We examine auditor communication provisions (ACPs) in private loan agreements, which are private contracting mechanisms establishing communication between lenders and their borrowers’ auditors. We provide evidence that lenders value auditor communications and often specify different types of ACPs that facilitate lender monitoring. With predictable variation across the different ACP types, ACPs are associated with larger loans, longer maturities, larger loan syndicates, more financial covenants, and greater slack in financial covenants. In examining audit effort implications for borrowers, we find that ACPs are associated with higher audit fees and longer audit report lags. This is consistent with auditors responding to the litigation risk ACPs impose. In samples where the risk of third-party litigation is greater, the association between ACPs and audit effort proxies is heightened, suggesting the increased litigation risk brought about by ACPs interacts with other audit client-specific risk factors.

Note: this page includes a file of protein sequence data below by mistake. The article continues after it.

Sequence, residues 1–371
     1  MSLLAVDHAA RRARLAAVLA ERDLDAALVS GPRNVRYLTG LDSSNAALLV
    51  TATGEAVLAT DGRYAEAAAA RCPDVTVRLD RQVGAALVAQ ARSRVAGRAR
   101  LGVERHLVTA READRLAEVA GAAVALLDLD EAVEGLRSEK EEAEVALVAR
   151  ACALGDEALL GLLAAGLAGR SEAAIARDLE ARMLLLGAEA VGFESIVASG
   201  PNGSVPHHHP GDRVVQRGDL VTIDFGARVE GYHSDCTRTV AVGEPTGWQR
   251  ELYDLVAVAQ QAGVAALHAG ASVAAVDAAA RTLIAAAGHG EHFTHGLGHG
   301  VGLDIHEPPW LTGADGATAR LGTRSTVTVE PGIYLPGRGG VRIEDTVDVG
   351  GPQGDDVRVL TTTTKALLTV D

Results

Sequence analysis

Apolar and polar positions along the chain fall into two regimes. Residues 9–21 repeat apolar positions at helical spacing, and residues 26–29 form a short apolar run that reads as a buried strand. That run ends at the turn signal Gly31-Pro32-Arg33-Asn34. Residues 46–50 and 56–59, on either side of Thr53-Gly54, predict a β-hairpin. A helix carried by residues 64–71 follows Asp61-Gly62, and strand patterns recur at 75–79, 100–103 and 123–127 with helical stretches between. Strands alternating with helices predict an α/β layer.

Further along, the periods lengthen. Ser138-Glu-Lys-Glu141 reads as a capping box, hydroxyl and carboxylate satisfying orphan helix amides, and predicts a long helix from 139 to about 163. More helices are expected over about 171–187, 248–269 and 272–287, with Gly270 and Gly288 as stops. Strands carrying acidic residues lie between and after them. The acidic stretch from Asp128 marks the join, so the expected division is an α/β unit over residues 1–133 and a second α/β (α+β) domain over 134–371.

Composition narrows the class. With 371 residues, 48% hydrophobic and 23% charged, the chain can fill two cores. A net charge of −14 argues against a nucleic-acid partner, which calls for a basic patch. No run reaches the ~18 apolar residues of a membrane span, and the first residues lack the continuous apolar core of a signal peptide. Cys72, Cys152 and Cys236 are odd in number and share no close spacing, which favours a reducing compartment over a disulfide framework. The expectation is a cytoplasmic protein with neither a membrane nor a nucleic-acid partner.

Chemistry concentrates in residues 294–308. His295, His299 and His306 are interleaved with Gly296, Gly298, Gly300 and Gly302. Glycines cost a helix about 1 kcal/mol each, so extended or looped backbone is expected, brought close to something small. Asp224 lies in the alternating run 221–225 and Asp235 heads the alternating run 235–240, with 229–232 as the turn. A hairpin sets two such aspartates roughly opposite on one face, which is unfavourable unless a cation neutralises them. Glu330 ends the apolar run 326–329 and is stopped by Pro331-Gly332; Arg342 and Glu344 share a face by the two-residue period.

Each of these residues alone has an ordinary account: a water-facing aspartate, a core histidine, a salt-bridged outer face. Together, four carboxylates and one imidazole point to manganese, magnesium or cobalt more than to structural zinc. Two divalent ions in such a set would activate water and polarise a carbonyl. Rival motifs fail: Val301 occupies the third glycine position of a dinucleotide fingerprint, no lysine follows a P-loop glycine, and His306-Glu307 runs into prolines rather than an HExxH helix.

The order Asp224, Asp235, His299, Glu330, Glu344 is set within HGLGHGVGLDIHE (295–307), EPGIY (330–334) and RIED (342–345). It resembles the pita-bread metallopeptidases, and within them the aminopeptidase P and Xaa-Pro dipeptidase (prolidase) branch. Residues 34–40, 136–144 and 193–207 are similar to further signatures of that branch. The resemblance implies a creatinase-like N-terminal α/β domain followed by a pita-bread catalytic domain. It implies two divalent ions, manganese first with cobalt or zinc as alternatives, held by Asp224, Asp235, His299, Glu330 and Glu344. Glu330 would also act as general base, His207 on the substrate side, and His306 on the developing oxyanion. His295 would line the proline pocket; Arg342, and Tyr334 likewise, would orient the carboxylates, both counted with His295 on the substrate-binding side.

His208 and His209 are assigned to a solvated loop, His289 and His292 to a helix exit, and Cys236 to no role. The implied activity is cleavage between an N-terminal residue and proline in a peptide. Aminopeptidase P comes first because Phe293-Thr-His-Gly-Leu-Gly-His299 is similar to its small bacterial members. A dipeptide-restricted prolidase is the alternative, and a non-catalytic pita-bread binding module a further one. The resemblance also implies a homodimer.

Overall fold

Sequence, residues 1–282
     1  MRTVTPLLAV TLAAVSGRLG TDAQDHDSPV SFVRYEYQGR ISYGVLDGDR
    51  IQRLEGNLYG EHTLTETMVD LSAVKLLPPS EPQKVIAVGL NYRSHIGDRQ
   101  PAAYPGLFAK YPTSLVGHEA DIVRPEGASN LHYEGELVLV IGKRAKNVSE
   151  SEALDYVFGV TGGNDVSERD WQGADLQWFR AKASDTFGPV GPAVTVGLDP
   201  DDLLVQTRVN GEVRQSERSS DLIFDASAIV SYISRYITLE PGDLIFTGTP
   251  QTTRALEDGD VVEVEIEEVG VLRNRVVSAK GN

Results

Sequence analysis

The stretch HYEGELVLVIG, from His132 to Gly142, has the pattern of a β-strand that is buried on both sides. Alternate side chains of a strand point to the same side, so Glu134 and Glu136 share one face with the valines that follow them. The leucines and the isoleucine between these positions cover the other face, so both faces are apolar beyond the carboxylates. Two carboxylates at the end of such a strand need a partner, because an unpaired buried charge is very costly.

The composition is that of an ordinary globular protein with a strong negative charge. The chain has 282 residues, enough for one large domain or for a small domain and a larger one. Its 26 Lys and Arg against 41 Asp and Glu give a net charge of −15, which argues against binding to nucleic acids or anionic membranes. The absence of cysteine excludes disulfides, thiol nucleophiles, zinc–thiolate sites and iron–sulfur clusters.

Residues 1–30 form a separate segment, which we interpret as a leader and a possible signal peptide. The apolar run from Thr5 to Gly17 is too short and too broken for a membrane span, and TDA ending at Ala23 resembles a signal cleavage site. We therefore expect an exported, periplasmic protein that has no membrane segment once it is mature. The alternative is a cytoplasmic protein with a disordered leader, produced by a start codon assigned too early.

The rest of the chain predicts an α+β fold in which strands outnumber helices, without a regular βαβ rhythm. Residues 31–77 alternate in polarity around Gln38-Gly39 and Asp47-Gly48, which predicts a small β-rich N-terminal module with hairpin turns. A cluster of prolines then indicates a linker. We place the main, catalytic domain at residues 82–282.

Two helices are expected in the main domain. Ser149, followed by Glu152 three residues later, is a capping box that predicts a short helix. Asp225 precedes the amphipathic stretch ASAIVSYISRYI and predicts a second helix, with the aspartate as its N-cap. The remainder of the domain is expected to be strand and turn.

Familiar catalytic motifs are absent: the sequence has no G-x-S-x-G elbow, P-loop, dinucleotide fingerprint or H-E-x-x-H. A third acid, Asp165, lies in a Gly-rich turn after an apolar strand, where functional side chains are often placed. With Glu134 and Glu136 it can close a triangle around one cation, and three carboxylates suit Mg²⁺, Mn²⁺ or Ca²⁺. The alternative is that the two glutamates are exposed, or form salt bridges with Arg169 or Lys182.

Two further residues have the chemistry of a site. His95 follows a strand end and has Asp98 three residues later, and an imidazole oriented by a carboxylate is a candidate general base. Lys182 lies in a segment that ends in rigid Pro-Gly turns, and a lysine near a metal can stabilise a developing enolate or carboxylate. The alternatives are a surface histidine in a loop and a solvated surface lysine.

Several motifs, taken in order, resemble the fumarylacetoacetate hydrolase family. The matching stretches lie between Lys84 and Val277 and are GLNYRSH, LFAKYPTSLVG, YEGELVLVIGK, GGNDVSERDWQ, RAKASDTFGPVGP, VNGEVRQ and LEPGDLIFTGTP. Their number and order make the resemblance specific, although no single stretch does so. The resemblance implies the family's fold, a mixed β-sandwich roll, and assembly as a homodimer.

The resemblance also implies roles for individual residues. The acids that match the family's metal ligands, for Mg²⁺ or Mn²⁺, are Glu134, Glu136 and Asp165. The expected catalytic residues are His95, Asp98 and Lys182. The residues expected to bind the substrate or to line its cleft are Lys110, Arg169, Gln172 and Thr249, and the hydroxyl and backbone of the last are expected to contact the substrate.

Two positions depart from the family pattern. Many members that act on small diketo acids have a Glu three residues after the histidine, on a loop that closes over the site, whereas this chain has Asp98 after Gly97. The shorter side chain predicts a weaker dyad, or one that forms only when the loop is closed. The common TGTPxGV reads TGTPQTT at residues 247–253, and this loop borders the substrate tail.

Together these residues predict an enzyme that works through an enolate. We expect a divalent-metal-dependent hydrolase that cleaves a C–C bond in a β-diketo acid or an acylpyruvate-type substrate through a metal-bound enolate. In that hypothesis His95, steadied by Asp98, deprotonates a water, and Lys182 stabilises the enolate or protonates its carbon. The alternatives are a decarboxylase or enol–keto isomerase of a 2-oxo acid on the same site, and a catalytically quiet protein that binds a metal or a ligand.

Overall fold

Data Availability: Data are available from the public sources cited in the text.
JEL Classifications: M42; D82; G21; G30; K40.